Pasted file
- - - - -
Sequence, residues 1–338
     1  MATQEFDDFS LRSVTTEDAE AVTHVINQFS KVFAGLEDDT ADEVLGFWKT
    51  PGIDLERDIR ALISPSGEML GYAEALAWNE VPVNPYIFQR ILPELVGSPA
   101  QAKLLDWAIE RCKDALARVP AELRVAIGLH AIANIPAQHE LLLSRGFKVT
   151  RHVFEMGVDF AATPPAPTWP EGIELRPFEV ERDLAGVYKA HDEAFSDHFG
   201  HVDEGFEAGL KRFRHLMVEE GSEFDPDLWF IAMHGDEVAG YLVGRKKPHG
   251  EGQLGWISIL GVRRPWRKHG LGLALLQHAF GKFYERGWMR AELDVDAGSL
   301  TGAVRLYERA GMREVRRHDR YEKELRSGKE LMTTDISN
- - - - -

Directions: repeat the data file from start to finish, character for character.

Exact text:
Sequence, residues 1–338
     1  MATQEFDDFS LRSVTTEDAE AVTHVINQFS KVFAGLEDDT ADEVLGFWKT
    51  PGIDLERDIR ALISPSGEML GYAEALAWNE VPVNPYIFQR ILPELVGSPA
   101  QAKLLDWAIE RCKDALARVP AELRVAIGLH AIANIPAQHE LLLSRGFKVT
   151  RHVFEMGVDF AATPPAPTWP EGIELRPFEV ERDLAGVYKA HDEAFSDHFG
   201  HVDEGFEAGL KRFRHLMVEE GSEFDPDLWF IAMHGDEVAG YLVGRKKPHG
   251  EGQLGWISIL GVRRPWRKHG LGLALLQHAF GKFYERGWMR AELDVDAGSL
   301  TGAVRLYERA GMREVRRHDR YEKELRSGKE LMTTDISN